The Standard Contractual Clauses for the transfer of personal data to processors established in third countries remain valid.  However, the Court found that, before a transfer of data may occur, there must be a prior assessment of the context of each individual transfer, that evaluates the laws of the country where the recipient is based, the nature of the data to be transferred, the privacy risks to such data, and any additional safeguards adopted by the parties to ensure that the data will receive adequate protection, as defined under EU Law.  Further, the data importer is required to inform the data exporter of any inability to comply with the standard data protection clauses.  If such protection is lacking the parties are obligated to suspend the transfer, or terminate the contract.  Thus, while the SCC (controller-to-processor) remain valid, their continued validity is subject to an additional step: the obligation to conduct the equivalent of a data protection impact assessment to ensure that the adequate protection is and will be provided and, subsequently, continuously monitored.

What’s Next?

  • Organizations that exchange or have access to personal data of residents of the EU or EEA should promptly assess the mechanisms currently in place to ensure the legality of their transfer of personal data outside the European Union.
  • If the organization has relied only on the EU-US Privacy Shield as a mechanism to ensure the legality of its personal data transfers, it should immediately halt the transfer of personal data out of the EU.  It should evaluate alternative means, most likely in the form of Standard Contractual Clauses.  For transfers that cannot be covered by SCCs, derogations under Article 49 of the GDPR might apply.
  • If the organization – whether located in the United States, or anywhere in the world – has already in place SCC, the EUCJ decision adds a significant hurdle in the form of a requirement for a prior evaluation of the protection to be offered to individuals and ongoing monitoring.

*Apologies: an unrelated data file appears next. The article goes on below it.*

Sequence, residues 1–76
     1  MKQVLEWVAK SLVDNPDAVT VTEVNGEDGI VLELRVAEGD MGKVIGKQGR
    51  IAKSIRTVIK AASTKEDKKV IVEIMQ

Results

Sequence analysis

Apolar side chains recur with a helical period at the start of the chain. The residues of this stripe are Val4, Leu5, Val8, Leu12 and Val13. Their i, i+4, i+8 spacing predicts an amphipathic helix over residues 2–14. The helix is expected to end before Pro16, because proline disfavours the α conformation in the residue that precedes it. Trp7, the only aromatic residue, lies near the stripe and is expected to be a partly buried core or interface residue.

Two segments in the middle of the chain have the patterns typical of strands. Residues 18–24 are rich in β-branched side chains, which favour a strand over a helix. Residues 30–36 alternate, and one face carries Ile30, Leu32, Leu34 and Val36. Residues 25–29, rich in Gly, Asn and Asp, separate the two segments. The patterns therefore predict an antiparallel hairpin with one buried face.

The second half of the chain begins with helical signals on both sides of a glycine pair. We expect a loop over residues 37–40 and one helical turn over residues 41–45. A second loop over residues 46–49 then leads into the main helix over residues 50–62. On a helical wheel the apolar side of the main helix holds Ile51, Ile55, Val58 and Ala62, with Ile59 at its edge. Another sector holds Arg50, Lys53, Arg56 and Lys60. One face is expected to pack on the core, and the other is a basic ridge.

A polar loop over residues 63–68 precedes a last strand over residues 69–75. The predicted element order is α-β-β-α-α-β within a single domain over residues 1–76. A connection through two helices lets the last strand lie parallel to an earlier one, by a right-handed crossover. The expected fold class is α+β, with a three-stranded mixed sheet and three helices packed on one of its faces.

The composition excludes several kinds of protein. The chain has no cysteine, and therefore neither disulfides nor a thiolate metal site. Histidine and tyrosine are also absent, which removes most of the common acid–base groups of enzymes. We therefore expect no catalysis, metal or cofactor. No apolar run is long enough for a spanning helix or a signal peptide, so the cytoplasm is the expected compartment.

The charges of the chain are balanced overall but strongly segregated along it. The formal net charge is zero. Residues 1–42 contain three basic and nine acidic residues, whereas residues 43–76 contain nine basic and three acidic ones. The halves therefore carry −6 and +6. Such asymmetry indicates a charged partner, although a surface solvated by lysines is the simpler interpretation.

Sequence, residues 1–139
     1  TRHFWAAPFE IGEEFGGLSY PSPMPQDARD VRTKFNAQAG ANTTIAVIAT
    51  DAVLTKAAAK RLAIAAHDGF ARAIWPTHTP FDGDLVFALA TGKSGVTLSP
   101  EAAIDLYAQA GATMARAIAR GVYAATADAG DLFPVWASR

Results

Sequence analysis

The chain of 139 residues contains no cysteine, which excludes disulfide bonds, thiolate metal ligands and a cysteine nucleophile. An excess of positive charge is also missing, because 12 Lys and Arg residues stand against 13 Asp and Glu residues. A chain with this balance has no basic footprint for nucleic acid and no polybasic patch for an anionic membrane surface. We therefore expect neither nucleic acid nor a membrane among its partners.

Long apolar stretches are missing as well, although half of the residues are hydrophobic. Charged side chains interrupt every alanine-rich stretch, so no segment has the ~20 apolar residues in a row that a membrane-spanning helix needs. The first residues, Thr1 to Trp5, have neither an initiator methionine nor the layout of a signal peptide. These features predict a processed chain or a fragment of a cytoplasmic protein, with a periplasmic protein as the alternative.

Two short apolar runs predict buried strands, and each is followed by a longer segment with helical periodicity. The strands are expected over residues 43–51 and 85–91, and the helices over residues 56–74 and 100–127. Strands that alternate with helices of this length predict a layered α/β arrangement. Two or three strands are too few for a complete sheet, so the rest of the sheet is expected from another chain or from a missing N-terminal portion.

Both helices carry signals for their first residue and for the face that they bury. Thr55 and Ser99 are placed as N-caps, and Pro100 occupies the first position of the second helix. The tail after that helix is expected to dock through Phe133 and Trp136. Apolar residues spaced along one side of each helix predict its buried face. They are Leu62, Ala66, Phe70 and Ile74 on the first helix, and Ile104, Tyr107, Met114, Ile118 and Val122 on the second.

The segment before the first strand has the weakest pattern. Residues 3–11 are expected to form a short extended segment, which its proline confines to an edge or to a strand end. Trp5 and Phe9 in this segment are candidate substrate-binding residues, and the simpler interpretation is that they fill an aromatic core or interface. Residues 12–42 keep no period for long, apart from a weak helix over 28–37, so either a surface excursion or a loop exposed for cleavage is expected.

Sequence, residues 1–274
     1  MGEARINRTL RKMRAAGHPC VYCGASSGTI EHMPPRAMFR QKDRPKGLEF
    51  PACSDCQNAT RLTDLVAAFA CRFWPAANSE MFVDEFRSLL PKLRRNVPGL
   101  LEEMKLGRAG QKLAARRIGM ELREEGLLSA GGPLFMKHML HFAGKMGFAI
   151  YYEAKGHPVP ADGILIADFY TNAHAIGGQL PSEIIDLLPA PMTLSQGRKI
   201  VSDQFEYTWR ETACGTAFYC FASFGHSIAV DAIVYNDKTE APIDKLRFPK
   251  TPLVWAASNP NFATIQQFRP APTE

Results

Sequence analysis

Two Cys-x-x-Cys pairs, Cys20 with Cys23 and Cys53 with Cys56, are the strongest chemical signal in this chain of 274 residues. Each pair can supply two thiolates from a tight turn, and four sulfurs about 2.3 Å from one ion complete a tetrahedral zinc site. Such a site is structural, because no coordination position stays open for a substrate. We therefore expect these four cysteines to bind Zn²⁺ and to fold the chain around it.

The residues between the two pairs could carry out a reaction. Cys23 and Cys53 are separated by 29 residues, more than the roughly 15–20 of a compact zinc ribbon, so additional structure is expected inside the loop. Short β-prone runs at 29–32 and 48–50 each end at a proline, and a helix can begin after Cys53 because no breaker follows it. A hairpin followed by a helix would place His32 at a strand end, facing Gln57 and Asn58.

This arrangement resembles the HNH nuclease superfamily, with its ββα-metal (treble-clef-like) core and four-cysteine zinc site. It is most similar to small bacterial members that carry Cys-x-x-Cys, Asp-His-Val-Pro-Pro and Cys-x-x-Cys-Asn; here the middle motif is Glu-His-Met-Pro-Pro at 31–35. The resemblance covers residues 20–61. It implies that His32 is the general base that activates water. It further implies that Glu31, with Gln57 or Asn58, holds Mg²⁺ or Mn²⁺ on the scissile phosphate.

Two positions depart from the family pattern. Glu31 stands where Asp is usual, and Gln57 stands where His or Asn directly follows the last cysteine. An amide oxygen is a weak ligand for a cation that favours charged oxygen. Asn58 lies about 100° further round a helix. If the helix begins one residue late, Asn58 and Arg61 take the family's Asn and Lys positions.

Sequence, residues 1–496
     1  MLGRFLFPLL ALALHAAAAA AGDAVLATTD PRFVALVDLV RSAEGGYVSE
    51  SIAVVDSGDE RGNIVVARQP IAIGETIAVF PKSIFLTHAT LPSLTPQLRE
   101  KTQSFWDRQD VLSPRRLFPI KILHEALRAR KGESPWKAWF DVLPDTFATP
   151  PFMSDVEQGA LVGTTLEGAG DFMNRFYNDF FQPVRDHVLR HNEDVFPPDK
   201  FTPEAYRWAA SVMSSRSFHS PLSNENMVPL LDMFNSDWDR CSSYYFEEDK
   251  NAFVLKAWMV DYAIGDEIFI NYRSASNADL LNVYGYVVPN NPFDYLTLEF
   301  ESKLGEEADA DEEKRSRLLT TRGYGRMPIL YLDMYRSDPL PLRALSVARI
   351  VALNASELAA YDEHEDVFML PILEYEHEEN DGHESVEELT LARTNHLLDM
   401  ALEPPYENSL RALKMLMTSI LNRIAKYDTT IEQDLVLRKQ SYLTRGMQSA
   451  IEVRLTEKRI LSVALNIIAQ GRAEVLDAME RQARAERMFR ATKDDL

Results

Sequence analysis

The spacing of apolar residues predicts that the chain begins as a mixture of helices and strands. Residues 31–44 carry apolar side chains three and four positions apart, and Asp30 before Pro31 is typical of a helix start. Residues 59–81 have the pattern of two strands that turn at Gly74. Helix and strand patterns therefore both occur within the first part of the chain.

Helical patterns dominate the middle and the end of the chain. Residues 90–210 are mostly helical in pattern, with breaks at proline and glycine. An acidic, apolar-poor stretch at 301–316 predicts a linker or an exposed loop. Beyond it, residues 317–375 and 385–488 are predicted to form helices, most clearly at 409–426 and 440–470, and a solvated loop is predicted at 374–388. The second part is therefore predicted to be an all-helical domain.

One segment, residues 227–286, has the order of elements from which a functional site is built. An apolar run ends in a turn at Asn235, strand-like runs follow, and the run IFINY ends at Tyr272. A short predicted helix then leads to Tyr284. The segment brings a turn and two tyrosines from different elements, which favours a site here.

• As always, ensure that these decisions and analysis are adequately documented, and proper records kept.
  • Remember to ensure integration and consistency with existing documents such as the organization’s privacy policy or its records of processing activities.
  • Keep in mind that while the Privacy Shield is invalidated as a means to legalize cross-border data transfers, US organizations that have signed up with the Shield program remain responsible for continuing to protect previously collected data in accordance with the promises and representations made in their self-certifications.
  • Stay informed of the developments in the next few days. It is expected that EU/EEA member state data supervisory authorities will publish useful guidance on how to react to the decision.  Some have already published comments and provided guidance.
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2 Responses to “European Court of Justice Decision Creates Havoc in Global Digital Exchanges: One Shot Down, One seriously Injured; 5,300 Stranded”